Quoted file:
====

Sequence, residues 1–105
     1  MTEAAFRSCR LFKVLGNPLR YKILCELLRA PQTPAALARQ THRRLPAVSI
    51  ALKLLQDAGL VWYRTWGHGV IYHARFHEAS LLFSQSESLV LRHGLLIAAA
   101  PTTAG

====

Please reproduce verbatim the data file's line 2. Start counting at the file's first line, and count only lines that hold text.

     1  MTEAAFRSCR LFKVLGNPLR YKILCELLRA PQTPAALARQ THRRLPAVSI